Posts on Twitter:

Marie Stopes, Scottish scientist, educator and birth control advocate, was born in 1880




Amazing to see how much can change in 50 years. Though there is so much more to do, it's great to take a moment to reflect on the progress of , especially in research. Thanks for sharing the story of these 4 incredible women!










Difficult workforce statistic from the recent report into : two thirds of women have had their voices devalued, and one third of men have observed it happening. is real and is affecting retention










We know you're curious to see what else geologist Ashley is up to, and we share your sediments! Here she is at the Fargo Moorhead project taking soil samples.




Least to say this is my most favorite picture of the event! Powerhouse Of with founders of and one of our valued customers ❤️







meeting tomorrow—Wednesday, 10/16, in 17/339. Pizza and good company. Be there! And bring a friend or classmate!







Thrilled to see Lacey O'Brien named to 2020 Women of Distinction! 🌟🤩👏 She adds so much to our organization, including organization😉. Her project management skills are unmatched & her resourcefulness unparalleled. &, she serves with 💗. Congrats!




Yesterday, when I said that I couldn't ask for a better field site to examine the influence for modern fire on charcoal deposition in the Amazon, I was wrong: Introducing Lago São João.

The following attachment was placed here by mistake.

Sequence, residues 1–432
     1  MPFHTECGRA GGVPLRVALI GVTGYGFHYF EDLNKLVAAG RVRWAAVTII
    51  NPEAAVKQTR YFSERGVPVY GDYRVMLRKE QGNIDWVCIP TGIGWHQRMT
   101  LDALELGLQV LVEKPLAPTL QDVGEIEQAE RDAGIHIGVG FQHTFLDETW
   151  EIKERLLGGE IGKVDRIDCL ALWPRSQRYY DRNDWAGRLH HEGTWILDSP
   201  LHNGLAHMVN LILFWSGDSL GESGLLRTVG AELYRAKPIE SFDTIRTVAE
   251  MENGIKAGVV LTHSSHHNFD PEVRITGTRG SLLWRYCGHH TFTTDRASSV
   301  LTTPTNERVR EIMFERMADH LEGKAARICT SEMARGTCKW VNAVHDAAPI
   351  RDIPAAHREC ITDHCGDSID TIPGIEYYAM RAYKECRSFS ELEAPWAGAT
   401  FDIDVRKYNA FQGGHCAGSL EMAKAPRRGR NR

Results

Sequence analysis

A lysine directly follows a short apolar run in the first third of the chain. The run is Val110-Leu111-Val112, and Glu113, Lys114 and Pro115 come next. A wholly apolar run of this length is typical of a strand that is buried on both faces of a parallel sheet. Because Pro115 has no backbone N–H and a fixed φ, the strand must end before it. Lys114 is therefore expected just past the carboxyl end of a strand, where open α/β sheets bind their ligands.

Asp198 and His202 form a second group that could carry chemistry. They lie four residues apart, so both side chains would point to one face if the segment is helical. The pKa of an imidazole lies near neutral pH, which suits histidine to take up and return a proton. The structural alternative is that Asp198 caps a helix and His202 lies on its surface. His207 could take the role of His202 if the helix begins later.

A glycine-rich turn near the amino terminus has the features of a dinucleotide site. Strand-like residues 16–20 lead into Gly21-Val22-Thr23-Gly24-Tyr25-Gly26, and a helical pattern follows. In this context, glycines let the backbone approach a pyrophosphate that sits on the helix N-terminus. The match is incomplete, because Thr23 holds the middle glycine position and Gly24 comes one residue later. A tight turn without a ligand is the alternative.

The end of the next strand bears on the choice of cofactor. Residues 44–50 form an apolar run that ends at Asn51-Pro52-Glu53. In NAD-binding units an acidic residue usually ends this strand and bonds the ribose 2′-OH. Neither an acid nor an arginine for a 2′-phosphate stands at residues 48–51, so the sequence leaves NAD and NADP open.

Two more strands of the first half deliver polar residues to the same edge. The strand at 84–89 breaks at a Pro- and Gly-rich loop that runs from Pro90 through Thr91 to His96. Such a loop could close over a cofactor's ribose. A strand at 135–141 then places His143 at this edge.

Letter writing season so I thought I'd re-share this info-graphic to help avoid gender bias. RT widely!




Check out the awesome new poster - the first Aussie version! I even make a guest appearance! I promise I have an exemption to fly here :)



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It was a busy weekend in the KAWSE office! Two of our hosted a hands-on STEM activity at the K-State Science Fest in Wichita on Saturday. Interested in the KAWSE Ambassadors? Email us @ kawse@ksu.edu for info!









Posts on Tumblr:

In 2 hours! How many of your favorite games have playable female characters? How many have female creators? 🤔👩‍💻

IBRO-MENA Neuroscience School on Trauma, Stress, and Neurodegeneration
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Nice group photo of the IBRO-MENA Neuroscience School on Trauma, Stress, and Neurodegeneration.

The school is being held right now until 8 October at the American University of Beirut (AUB) in Lebanon. Divided into two separate events, the students have completed a 3-day advanced school and are now attending a 2-day conference, advancing scientific exchange in the MENA region. 

Particular emphasis is being placed on promoting the professional advancement of women in neuroscience by boosting the number of female speakers at the conference to 50%. 

My Messy, Unproductive Studying Sanctuary.
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This is where I am held up tonight. Typing, deleting, and retyping something about muon decay for a lab report that is not due until Friday. I’m not sure how I feel about this semester. I have finished seven weeks and done so much, but it feels like no time has passed at all. I feel trapped in a viscious inbetween place where I am close to graduate school, but have done nothing concrete to apply. I have started my upperlevel course work, which I feared I would fail or be crushed under the unfamiliar mathematics, but I have been doing better than I have ever done in previous semesters.